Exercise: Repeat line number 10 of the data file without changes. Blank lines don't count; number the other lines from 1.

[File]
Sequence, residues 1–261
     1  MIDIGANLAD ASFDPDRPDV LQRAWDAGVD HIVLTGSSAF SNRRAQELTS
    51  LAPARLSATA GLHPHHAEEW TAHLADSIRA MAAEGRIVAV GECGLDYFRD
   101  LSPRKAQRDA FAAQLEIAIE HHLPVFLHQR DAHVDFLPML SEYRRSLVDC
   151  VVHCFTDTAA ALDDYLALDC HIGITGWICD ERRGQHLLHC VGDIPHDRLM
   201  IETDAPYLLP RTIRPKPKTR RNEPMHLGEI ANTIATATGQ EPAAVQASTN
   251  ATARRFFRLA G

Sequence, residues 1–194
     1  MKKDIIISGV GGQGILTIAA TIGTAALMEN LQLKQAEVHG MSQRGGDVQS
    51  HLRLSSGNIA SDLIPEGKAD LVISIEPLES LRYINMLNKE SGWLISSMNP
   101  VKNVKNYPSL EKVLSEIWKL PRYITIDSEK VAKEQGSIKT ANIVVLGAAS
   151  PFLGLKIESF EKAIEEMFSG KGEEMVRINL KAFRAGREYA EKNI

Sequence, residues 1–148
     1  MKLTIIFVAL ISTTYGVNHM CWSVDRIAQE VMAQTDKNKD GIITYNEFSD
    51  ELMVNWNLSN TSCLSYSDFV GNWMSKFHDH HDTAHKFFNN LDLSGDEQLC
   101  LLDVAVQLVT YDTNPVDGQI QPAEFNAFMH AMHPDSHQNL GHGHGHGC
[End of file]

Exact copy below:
    51  HLRLSSGNIA SDLIPEGKAD LVISIEPLES LRYINMLNKE SGWLISSMNP